High School Doesn't Overreact To Fight Video Getting On YouTube

from the it's-too-bad-this-is-news... dept

It’s somewhat unfortunate that it is comment-worthy when a high school does not overreact and does not blame camera phones and YouTube for a school fight getting publicized on YouTube. Usually we see stories where school administrators, law enforcement or politicians assume that, because the video is on YouTube, it will encourage more infractions, and then they take out their anger on YouTube. They never seem willing to admit that by putting these videos on YouTube, it actually makes it easier to catch and punish those responsible. That’s why it’s so amazing to see this story, sent in by reader William Jackson, about a school that notes it’s using the video of a fight to track down and punish those responsible and the principal, Dan Durbin, doesn’t blame YouTube for this at all:


“This should remind our students that they’re not going to get away with anything. If you try something like this, you’re going to be seen on a security camera or on someone’s cell phone…. The evidence of this makes our jobs easier because I don’t have to go get it from a student. Sometimes things happen that we don’t know about until well after the fact.”

Even more impressive? He even seems to think that perhaps the school should rethink it’s no-mobile-phones policy in light of this:


“We may need to embrace this technology in some capacity. Our students aren’t going to keep their cell phones hidden away at all time. So I’ve asked our staff to think about what is the appropriate time to be using some of this technology. When we have something that happens at our school and a student captures it on their cell phone, we can’t blame the technology. We have to look at what’s going and what caused that to happen.”

The local Police Chief, Matt Clancy, seems to feel the same way as well:


“It’s a great tool for us. You’ve got it on video, and you can identify the person and see what they’re doing. There’s lots of video of amateur fights and street fights on YouTube. But will seeing that encourage someone to be violent any more than a television show or a movie? I don’t know.”

Yes, this all looks like common sense… but it’s so uncommon these days that it’s actually worth pointing out.

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Comments on “High School Doesn't Overreact To Fight Video Getting On YouTube”

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14 Comments
OneDisciplesays:

Re: Common sense...

“So god damn rare, it should be a superpower!”
That is funny right there!
Seriously why is it so hard for people to except change. I for one agree with most of the copyright/patent/trademark discussions here, but here is a great lesson for us all. “When you fail to embrace change you become fearful of it.” let none of us lose see of the changing world around us. This principal gets this.

Anonymoussays:

Re: I'd like to meet this forward thinking principle!

It all comes back down to responsibility. Everyone wants their cake and eat it too when it comes to life. Just goes to show how many elected officials (and that includes Sheriffs remember) and school principals worry about how they appear rather than doing a good job if sentiment like that expressed in the submitted article is rare. It should be a god damn requirement to have the kind of mentality these two apparently possess in order to have those kinds of jobs (eg the ones where policy is made).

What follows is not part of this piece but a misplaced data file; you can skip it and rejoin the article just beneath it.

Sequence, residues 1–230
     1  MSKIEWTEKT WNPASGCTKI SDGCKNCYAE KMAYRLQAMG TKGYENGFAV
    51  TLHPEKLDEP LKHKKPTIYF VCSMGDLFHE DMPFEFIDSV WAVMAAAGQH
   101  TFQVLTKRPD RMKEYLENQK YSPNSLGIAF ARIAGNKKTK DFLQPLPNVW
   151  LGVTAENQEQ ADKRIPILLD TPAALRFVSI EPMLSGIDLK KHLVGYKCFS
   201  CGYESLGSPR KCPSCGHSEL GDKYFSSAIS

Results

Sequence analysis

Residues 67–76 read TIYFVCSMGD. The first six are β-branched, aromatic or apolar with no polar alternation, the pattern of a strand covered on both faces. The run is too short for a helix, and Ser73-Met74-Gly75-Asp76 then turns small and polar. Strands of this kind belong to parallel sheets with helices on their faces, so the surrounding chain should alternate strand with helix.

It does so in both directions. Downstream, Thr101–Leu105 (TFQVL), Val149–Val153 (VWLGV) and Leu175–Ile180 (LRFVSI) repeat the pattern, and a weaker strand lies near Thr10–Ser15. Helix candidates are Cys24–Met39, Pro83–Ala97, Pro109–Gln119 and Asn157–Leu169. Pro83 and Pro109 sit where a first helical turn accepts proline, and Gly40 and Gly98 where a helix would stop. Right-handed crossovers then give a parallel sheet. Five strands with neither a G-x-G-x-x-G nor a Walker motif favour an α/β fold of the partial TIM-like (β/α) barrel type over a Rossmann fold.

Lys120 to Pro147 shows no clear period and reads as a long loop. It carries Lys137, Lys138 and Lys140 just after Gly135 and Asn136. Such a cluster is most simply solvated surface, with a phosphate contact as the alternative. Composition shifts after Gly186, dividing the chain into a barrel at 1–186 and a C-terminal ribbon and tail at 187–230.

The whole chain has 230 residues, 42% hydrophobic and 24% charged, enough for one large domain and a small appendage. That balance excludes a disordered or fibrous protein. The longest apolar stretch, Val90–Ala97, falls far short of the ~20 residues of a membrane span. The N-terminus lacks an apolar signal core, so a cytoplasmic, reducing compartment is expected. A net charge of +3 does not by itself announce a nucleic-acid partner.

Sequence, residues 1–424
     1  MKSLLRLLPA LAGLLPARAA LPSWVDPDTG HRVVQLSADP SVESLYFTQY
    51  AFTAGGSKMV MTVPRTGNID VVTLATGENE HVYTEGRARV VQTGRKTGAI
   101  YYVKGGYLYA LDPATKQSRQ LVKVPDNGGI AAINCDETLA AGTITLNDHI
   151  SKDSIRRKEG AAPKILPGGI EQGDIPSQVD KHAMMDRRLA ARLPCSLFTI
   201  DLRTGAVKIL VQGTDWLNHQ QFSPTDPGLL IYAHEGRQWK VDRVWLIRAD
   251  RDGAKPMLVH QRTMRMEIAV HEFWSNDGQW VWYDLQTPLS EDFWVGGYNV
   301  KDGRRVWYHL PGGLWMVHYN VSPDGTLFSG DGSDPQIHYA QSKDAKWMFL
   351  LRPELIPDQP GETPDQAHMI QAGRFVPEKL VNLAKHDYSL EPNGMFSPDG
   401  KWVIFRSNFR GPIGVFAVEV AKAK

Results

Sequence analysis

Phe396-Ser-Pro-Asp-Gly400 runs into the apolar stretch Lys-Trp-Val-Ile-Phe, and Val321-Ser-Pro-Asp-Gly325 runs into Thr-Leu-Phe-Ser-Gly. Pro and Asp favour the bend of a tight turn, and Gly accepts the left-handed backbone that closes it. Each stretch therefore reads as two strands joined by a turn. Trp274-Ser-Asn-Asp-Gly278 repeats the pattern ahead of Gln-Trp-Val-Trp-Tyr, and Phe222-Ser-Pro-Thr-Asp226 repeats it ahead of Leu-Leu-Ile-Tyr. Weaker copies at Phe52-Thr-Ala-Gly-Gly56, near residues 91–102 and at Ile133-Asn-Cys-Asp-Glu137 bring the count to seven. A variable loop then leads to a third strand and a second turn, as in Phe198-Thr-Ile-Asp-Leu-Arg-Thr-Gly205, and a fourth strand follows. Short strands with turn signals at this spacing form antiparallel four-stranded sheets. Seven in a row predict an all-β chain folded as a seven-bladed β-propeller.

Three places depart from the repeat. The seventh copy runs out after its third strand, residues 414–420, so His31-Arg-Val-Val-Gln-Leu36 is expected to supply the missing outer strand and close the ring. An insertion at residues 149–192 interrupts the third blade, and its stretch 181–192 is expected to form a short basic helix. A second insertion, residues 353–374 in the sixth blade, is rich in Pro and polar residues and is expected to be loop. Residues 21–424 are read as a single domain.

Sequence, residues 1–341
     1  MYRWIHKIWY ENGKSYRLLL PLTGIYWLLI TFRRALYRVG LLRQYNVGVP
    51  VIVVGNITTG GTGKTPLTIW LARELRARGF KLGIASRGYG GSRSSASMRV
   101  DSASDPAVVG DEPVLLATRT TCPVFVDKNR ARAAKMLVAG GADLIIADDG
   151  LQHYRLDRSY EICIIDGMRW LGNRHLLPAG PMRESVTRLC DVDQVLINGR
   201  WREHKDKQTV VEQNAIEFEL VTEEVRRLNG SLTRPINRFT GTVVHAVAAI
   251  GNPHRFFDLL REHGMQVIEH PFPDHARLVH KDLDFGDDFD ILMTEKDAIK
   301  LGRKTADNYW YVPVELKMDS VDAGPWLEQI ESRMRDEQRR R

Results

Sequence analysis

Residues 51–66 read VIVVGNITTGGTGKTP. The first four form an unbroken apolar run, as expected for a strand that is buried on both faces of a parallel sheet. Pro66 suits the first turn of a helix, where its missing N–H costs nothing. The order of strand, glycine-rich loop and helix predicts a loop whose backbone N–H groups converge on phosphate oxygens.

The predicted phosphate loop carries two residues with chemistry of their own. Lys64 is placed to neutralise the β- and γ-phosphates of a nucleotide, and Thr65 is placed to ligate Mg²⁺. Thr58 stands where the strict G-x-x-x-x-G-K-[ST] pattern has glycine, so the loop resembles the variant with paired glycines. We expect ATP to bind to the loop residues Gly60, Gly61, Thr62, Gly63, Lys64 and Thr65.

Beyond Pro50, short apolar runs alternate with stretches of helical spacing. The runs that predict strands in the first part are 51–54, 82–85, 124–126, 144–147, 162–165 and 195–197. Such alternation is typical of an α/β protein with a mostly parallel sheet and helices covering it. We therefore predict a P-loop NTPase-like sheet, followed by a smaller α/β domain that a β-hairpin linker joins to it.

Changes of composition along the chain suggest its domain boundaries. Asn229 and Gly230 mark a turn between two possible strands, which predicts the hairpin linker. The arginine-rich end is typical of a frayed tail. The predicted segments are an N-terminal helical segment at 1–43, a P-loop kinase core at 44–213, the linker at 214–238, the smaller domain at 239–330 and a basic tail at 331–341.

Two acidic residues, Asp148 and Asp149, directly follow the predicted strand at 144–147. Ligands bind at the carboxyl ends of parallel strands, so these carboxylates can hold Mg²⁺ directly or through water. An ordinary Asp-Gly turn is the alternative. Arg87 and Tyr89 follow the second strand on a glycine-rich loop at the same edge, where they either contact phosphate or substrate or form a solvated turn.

Anonymoussays:

Mobile phones?

It’s a wise decision to catch those taking such actions and then showing them on Youtube, it’s also a good lesson about privacy (even though it’s an extreme case) BUT

Mobile Phones?!!

I was under the impression that mobile phones were not used because of radiation etc. in a closed area full of kids, that is for the danger they carry. Now someone says they “encourage” such technology?!

mike42says:

Re: Mobile phones?

Seriously? I guess you believe that microwave ovens cause radioactive isotopes to form, sitting too close to the TV makes your eyes go bad, and (my favorite) eating corn gives you large breasts. (That one courtesy of a Japanese tabloid)

Well, don’t worry, all the kids will be wearing their hats made out of silver paper, which is good because it also keeps the government from reading their minds AND keeps the aliens from controlling them.

Big Brother, et. al.

While it’s encouraging to see some school officials not over-reacting to a video on YouTube this part of his quote was kind of chilling:

“This should remind our students that they’re not going to get away with anything. If you try something like this, you’re going to be seen on a security camera or on someone’s cell phone….”

In other words, Big Brother is watching AND he might be YOU!

another mikesays:

motorola senior high school

That’s where I went to school, Motorola Senior High. Admittedly they were Deltacs and Startacs; FSM I’m old.

Anyway, the school’s rule was electronics put away during class. But I had a teacher that didn’t care. His reasoning was that the course material was really dense so using technology to help take notes was fine. And if you’d rather play games with it, that will show up in your grades.

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